Argentina’s River Plate, one of the world’s biggest clubs, suffered the humiliation of relegation for the first time in their 110-year history on Sunday amid violent scenes and the closure of the Monumental.
Rioting Barrabrava hooligans caused mayhem inside and outside the giant stadium after a 1-1 draw with Belgrano in the second leg of a relegation playoff condemned the 33-time Argentine champions to the Nacional B division for next season.
The violence from the fans throwing metal bars and stones left 25 people, including six police officers, injured, with one badly hurt after being hit by a car.
A major avenue nearby looked like a war zone with bonfires blazing, shops windows smashed and stores looted.
A city prosecutor ordered the temporary closure of the stadium — exactly four weeks before it is scheduled to stage the final of the Copa America — for an investigation into policing and possible illegal sale of extra tickets.
“We will be looking for proof that more fans got in than is authorized,” prosecutor Gustavo Galante told America television, adding the limit allowed by the government for the Monumental is just over 40,000. Observers estimated the crowd at about 60,000.
Galante said his office had asked for the match to be played behind closed doors after an invasion of the pitch by River fans in Cordoba that interrupted the first leg for 20 minutes.
Players of both sides had to leave the Monumental pitch under the protection of stewards, while police used high power hoses and tear gas to try to disperse the rioting fans.
Belgrano were later able to celebrate promotion with the few hundred visiting fans, who, for their safety, were kept in their sector of the stands nearly three hours after the final whistle.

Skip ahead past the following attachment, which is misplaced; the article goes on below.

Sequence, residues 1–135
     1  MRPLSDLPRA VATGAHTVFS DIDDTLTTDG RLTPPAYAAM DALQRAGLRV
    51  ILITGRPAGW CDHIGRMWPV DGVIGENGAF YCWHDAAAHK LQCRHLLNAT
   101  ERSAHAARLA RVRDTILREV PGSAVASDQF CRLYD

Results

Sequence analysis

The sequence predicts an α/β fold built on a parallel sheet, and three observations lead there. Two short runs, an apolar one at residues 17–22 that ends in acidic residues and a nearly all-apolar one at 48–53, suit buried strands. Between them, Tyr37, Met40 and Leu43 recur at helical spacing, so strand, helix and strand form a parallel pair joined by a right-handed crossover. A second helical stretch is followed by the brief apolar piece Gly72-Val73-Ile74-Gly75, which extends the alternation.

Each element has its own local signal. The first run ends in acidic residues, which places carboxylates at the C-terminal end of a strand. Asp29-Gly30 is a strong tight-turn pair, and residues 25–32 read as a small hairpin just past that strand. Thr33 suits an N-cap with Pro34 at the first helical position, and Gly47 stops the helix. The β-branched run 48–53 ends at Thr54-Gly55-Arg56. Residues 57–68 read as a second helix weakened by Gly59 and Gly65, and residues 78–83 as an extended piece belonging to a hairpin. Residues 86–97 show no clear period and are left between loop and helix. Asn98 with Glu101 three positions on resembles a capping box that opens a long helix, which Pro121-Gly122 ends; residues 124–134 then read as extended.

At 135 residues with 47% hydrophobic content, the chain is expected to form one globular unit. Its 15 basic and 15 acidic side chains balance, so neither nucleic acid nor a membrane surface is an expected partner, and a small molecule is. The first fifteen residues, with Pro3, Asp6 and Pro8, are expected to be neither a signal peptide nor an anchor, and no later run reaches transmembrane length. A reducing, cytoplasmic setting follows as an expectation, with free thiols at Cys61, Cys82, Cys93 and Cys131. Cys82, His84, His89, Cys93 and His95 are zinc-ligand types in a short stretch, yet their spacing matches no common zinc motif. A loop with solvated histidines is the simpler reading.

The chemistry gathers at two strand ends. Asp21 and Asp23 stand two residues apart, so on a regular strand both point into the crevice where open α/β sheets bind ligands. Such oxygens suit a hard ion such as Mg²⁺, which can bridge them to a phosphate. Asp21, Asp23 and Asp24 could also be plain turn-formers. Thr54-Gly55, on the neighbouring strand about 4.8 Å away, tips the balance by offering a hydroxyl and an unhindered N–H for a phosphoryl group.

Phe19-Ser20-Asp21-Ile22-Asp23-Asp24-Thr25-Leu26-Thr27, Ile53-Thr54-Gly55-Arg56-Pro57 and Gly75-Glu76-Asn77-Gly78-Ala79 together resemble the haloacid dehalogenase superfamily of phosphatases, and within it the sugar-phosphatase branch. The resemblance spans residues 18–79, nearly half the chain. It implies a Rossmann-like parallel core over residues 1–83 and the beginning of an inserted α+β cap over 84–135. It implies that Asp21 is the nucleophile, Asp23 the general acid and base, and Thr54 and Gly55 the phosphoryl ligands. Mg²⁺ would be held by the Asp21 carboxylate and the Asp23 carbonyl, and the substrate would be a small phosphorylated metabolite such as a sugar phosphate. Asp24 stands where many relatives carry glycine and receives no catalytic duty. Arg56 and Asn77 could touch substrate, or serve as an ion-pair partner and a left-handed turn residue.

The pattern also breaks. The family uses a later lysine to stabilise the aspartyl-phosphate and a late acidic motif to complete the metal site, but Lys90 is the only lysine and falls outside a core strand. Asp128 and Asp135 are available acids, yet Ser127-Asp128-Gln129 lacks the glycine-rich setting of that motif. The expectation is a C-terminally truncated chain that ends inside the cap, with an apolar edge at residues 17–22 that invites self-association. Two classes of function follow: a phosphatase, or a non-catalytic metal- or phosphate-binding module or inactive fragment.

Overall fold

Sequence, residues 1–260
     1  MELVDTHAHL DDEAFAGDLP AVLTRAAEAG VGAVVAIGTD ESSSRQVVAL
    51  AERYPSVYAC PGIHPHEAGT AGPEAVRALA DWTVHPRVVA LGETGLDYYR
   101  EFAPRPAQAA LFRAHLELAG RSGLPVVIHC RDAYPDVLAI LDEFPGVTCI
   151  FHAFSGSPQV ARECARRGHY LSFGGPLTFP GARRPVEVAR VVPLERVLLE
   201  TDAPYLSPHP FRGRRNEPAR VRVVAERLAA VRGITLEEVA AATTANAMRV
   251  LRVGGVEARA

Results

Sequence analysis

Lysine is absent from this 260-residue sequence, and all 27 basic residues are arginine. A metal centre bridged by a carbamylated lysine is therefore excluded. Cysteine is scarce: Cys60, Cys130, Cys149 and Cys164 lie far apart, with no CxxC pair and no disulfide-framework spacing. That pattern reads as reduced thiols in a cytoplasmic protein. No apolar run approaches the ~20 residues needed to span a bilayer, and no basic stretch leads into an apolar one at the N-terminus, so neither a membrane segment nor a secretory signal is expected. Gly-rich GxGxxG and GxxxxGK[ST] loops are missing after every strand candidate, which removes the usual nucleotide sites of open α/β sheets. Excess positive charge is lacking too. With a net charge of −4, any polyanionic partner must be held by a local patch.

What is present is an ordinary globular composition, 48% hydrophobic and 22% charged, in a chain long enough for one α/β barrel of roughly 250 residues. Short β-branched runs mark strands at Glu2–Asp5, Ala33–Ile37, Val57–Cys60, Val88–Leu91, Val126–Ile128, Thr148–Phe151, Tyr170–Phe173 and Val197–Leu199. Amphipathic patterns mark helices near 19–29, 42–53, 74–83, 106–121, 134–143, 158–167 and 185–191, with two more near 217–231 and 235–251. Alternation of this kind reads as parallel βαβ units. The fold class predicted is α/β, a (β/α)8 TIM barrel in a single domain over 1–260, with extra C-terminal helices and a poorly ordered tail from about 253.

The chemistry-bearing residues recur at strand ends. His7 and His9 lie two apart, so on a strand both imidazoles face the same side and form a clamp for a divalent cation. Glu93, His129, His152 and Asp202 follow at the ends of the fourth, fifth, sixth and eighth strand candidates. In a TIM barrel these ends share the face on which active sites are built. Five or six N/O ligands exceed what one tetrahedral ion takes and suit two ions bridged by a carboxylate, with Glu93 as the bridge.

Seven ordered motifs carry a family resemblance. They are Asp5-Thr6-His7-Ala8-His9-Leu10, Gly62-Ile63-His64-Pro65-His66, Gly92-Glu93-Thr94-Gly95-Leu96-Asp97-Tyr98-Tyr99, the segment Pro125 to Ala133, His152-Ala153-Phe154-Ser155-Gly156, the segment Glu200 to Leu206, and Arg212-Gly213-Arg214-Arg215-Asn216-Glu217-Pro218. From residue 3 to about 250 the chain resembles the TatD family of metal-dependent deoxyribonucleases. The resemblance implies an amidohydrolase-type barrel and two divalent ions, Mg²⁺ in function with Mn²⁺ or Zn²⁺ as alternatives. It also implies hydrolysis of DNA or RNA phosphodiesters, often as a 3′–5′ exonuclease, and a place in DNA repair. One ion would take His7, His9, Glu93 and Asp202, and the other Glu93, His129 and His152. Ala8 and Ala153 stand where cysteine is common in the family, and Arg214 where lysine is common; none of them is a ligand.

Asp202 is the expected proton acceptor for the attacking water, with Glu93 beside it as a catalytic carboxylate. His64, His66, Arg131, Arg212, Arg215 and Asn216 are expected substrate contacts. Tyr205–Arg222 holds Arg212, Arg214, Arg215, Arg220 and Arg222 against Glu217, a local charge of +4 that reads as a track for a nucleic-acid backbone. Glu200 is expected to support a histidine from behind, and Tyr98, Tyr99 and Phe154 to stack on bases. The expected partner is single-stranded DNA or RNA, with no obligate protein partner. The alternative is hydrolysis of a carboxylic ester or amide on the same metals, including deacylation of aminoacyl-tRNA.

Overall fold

Trailing 2-0 after the first leg, River were hoping for a handsome victory to save them from relegation on the 15th anniversary of their second Libertadores Cup title.
They went ahead in the sixth minute when striker Mariano Pavone controlled on the edge of the box, swiveled and shot low into the corner past diving goalkeeper Juan Carlos Olave.
Midfielder Guillermo Farre stunned the crowd when he scored just after the hour-mark, however, blasting the loose ball past stranded goalkeeper Juan Pablo Carrizo after a blunder in the River defense.
Olave then sealed River’s fate and his team’s 3-1 aggregate victory with a penalty save from Pavone after a push on Leandro Caruso.
Referee Sergio Pezzotta was the butt of criticism from River fans for turning down appeals for a penalty in the first half for what looked like a blatant foul on Caruso.
Former defender Jorge Higuain told Radio Continental that River made a huge mistake 10 years ago in sacking a key figure in their successful youth scheme, Brazilian Delem, who played as a forward for the club in the 1960s.
“It went downhill after they got rid of Delem,” said Higuain, father of Real Madrid and Argentina striker Gonzalo Higuain.
River, noted for the quality of their soccer and the players they have produced — such as former European Footballers of the Year Alfredo di Stefano and Omar Sivori — are paying for a poor 2008-2009 campaign, which contributed to their low three-season points average by which relegation is measured.